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Status Not under consideration
Workspace Spectrum LSF
Created by Guest
Created on Mar 26, 2020

Huge *.out files is getting created in /tmp issue

Sometimes LSF job STDOUT files, such as $JOB_SPOOL_DIR/..out grow to enormous sizes and fill up the filesystem. Neither Linux nor LSF provides a mechanism to limit the size of those specific files without also limiting all other files on the filesystem or limiting all files for a given job. Both of these alternatives are not acceptable since other large data files are required by jobs for various reasons. We need a way to impose a maximum file size limit, such as 20GB, for example, on all LSF job STDOUT files. This limit could be imposed in one of several ways: for the entire cluster using an mbatchd parameter, for a given queue using a queue parameter, for all jobs from a given user using a user shell variable, or job-by-job with a bsub option. We also don't want jobs to be killed when their STDOUT file reaches the limit. Instead, the output stream should simply continue writing over the file without causing the file to grow further or some other solution that does not kill the job or effectively stop it from functioning.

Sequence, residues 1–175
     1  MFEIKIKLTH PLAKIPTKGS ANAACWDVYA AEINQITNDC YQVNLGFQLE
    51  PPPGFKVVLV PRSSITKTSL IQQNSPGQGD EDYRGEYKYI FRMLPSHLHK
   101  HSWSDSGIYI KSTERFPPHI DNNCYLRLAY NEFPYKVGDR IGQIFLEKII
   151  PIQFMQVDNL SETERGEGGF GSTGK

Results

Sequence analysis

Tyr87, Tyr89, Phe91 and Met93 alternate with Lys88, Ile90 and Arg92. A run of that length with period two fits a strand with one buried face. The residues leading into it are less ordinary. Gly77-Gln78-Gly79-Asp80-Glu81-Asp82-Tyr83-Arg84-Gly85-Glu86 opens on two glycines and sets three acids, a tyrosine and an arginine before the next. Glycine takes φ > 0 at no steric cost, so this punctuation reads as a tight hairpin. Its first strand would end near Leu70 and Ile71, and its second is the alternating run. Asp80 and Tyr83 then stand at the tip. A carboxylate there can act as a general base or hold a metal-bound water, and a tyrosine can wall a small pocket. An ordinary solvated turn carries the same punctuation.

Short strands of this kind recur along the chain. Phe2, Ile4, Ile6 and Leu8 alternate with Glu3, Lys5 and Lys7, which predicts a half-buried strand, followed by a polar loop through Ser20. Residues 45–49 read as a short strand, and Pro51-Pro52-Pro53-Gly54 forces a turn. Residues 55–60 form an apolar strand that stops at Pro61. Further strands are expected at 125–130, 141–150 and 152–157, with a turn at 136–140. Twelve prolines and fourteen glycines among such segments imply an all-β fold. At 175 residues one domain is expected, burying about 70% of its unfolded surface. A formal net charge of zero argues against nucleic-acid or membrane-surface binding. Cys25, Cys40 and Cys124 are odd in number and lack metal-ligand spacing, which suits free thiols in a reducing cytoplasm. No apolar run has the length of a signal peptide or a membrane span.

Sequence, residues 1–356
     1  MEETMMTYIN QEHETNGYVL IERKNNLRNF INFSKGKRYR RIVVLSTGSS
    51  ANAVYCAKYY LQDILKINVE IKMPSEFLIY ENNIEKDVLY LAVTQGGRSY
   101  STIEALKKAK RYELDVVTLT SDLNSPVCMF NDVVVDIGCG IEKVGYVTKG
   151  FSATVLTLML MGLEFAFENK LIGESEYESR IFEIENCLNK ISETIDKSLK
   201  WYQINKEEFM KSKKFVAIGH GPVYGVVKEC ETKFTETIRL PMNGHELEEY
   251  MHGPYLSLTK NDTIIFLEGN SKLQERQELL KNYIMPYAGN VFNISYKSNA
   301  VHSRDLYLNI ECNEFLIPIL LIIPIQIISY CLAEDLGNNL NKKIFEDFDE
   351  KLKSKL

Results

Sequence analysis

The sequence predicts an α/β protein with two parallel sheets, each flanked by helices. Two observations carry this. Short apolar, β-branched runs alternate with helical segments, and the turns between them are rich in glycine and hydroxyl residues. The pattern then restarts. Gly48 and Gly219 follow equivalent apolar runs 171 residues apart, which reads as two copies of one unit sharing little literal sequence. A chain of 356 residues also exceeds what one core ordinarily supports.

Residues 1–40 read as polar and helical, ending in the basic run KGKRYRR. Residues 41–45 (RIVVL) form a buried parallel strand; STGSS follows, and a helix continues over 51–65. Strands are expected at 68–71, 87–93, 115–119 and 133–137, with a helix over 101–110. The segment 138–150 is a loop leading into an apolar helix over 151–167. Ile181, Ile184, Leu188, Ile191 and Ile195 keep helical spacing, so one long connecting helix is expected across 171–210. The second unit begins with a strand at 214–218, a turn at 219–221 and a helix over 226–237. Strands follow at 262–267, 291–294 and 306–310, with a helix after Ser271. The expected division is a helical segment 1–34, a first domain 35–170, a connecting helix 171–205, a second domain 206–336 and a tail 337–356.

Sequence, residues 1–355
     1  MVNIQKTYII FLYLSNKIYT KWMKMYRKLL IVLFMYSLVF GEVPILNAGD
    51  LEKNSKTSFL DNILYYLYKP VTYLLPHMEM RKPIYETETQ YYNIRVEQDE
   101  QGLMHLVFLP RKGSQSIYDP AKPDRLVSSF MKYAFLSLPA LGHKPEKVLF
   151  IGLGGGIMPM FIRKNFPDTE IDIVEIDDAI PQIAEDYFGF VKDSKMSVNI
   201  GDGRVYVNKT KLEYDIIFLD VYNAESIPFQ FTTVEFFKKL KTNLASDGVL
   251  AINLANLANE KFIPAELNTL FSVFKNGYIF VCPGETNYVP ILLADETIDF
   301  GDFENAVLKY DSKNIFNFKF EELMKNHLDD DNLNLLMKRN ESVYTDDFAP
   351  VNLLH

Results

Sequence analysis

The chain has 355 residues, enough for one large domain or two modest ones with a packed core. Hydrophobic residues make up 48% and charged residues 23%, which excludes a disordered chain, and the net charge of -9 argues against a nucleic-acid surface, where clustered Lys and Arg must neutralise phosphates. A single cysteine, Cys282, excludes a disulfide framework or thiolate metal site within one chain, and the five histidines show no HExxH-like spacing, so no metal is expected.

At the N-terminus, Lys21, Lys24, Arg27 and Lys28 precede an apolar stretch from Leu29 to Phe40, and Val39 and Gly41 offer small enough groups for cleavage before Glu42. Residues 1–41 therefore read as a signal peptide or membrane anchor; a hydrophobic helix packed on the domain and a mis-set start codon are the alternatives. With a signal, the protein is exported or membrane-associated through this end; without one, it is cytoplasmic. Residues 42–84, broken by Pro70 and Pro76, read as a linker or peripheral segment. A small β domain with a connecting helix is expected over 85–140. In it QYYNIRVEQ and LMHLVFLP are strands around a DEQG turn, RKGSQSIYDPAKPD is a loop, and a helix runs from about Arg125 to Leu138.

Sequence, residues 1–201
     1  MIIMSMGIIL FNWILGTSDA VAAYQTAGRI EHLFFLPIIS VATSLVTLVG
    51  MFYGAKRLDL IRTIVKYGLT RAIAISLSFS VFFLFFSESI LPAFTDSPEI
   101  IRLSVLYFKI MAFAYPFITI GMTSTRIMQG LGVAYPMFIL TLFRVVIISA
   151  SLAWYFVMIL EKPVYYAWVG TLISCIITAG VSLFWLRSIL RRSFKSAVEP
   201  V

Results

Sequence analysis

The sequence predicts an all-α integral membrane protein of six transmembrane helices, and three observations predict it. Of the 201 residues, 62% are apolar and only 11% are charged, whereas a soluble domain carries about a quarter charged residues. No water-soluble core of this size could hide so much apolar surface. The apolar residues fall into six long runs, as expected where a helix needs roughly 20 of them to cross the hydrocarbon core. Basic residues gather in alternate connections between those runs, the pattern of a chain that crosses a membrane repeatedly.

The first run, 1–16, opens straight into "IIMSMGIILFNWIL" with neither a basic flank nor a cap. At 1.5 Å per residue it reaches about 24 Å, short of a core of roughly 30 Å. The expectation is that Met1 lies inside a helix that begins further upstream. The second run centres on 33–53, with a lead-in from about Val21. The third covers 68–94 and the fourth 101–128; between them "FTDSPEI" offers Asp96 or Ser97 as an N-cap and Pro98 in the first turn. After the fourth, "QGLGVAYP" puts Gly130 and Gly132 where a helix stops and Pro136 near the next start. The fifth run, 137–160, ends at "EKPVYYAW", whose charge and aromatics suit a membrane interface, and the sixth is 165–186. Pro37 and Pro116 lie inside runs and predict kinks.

• Guest
    Aug 14, 2020

    Apologies for the delay in responding. This request was submitted under Explorer rather than LSF.

    We've reviewed this but don't have a solution that would keep all of the people happy all of the time.

    * If the content of stdout isn't actually needed, then -o /dev/null would be the simplest approach.
    * Moving the file position back to the start when the limit is reached would result in a messy file that may not be useful to the user as it would be a mix of old and new output.
    * Deleting stdout at the limit and starting again..the user may care about anything that was in the 20GB? Something useful may be deleted.
    * Stop writing the file when the limit is reached - something useful may be list.
    * It seems whatever action is only desirable if there is a critical lack of diskspace and some action is needed to prevent this job, or other jobs dying.

    The "correct" behaviour seems to be very site, user and application specific.

    An alternative approach would be to leverage the Application Watchdog functionality introduced in Service Pack 9. This allows you define an application specific action/script that is periodically run when that specific application is running. It could check disk space, delete files, suspend the job, notify the user or whatever other action is desirable.

    Have you considered this?